Etymology
Advertisement
effect (n.)
Origin and meaning of effect
mid-14c., "execution or completion (of an act)," from Old French efet (13c., Modern French effet) "result, execution, completion, ending," from Latin effectus "accomplishment, performance," from past participle stem of efficere "work out, accomplish," from assimilated form of ex "out" (see ex-) + combining form of facere "to make, to do" (from PIE root *dhe- "to set, put"). From French, borrowed into Dutch, German, Scandinavian.

From late 14c. as "power or capacity to produce an intended result; efficacy, effectiveness," and in astrology, "operation or action (of a heavenly body) on human affairs; influence." Also "that which follows from something else; a consequence, a result." From early 15c. as "intended result, purpose, object, intent." Also formerly with a sense of "reality, fact," hence in effect (late 14c.), originally "in fact, actually, really." Meaning "impression produced on the beholder" is from 1736. Sense in stage effect, sound effect, etc. first recorded 1881.
Related entries & more 
Advertisement
effect (v.)
Origin and meaning of effect
"to produce as a result; to bring to a desired end," 1580s, from Latin effectus, past participle of efficere "work out, accomplish" (see effect (n.)). Related: Effecting; effection; effectible.
Related entries & more 
side effect (n.)
also side-effect, 1884, from side (adj.) + effect (n.). Medical use, with reference to drugs, is recorded from 1939.
Related entries & more 
effects (n.)
"goods, property," 1704, plural of effect (n.); after a use of French effets.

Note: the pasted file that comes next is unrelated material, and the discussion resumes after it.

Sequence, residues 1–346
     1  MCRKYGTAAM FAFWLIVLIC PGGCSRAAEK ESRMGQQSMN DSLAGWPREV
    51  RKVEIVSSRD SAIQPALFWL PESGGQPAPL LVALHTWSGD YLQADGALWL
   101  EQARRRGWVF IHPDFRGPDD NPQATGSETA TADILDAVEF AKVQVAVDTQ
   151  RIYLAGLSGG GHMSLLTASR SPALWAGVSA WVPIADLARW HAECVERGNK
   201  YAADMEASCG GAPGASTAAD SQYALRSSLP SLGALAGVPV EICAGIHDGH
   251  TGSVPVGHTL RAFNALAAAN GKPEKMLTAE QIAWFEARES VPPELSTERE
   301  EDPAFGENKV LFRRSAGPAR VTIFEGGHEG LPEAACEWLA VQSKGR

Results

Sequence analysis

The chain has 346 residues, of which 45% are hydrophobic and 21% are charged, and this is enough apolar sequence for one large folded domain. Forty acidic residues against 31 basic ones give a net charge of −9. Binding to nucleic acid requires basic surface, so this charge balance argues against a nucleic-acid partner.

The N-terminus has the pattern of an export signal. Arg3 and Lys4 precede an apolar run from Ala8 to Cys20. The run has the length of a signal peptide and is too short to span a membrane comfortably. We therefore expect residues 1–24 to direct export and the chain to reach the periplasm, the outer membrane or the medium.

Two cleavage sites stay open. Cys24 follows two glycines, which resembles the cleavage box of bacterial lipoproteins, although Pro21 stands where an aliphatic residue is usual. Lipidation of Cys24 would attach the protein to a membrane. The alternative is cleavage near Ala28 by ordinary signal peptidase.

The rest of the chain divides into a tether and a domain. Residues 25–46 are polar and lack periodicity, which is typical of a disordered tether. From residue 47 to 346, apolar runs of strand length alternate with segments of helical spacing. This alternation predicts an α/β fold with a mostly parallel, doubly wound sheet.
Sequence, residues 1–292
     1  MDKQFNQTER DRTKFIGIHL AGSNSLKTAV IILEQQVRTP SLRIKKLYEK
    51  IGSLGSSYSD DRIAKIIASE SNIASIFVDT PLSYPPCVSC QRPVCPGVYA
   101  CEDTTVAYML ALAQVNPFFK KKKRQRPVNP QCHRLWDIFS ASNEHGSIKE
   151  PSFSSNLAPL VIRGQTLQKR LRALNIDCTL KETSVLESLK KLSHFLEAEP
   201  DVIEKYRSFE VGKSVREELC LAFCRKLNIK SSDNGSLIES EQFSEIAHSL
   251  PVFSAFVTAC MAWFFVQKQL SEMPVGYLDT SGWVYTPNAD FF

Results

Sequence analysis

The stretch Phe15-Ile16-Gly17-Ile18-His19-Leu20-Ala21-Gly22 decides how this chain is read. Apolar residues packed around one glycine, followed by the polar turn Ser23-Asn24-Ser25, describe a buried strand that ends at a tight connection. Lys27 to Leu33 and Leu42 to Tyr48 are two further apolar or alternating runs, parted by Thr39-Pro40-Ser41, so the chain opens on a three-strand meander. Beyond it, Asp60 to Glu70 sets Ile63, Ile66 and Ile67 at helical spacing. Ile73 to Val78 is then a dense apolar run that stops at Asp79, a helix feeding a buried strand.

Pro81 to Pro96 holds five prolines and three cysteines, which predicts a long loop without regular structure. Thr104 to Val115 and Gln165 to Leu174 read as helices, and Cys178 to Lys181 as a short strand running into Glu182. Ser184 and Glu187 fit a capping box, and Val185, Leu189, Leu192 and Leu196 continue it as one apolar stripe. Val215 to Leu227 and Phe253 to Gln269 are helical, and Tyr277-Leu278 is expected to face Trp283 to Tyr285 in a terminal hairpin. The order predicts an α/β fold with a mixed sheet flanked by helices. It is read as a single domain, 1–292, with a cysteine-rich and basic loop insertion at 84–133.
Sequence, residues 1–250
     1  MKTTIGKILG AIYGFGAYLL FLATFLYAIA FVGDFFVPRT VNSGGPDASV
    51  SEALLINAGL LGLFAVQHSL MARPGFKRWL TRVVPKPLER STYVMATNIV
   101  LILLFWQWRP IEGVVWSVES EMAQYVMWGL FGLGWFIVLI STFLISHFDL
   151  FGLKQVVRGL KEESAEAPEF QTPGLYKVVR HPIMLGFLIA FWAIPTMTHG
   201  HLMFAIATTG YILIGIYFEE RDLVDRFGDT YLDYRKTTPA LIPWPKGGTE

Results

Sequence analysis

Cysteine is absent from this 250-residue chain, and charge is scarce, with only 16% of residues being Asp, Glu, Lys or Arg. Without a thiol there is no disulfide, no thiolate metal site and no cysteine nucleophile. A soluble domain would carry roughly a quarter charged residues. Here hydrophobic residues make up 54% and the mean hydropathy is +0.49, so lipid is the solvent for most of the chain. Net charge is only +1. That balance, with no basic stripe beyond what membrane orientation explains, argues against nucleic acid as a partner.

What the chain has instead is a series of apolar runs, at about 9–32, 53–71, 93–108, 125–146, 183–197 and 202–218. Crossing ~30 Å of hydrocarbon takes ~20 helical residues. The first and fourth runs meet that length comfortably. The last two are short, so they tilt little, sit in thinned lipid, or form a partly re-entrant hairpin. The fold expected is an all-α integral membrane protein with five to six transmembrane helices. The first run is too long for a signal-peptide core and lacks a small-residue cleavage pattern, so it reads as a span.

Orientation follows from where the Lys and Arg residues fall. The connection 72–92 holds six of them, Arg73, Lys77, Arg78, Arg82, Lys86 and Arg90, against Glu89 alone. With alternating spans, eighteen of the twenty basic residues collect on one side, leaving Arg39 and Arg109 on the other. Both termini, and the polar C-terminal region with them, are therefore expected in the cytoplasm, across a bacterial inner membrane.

Related entries & more 
effected (adj.)
"brought about," past-participle adjective from effect (v.). Since early 15c. sometimes used erroneously for affected.
Related entries & more 
Advertisement
ineffectible (adj.)
"that cannot be carried out, impracticable," 1803, from in- (1) "not, opposite of" + effectible (see effect (v.)).
Related entries & more 
effective (adj.)
late 14c., "serving to effect the intended purpose," from Old French effectif, from Latin effectivus "productive, effective," from effect-, stem of efficere "work out, accomplish" (see effect (n.)). Of military forces, "fit for action or duty," from 1680s.
Related entries & more 
effectuate (v.)
"bring to pass, accomplish, achieve," 1570s, from French effectuer, from Latin effectus "an effecting, accomplishment, performance" (see effect (n.)). According to OED, formed "on the model of" actuate. Related: Effectuated; effectuating.
Related entries & more 
effectual (adj.)
"producing an effect; having power to produce an effect," late 14c., Old French effectuel, from Late Latin effectualis, from Latin effectus "accomplishment, performance" (see effect (n.)). Used properly of actions (not agents) and with a sense "having the effect aimed at" (effective, by contrast, is used of the agent or the thing done and with a sense "having great effect"). Related: Effectually; effectualness.
Related entries & more 
feckless (adj.)
1590s, from feck, "effect, value, vigor" (late 15c.), Scottish shortened form of effect (n.), + -less. Popularized by Carlyle, who left its opposite, feckful, in dialectal obscurity. Related: Fecklessly; fecklessness.
Related entries & more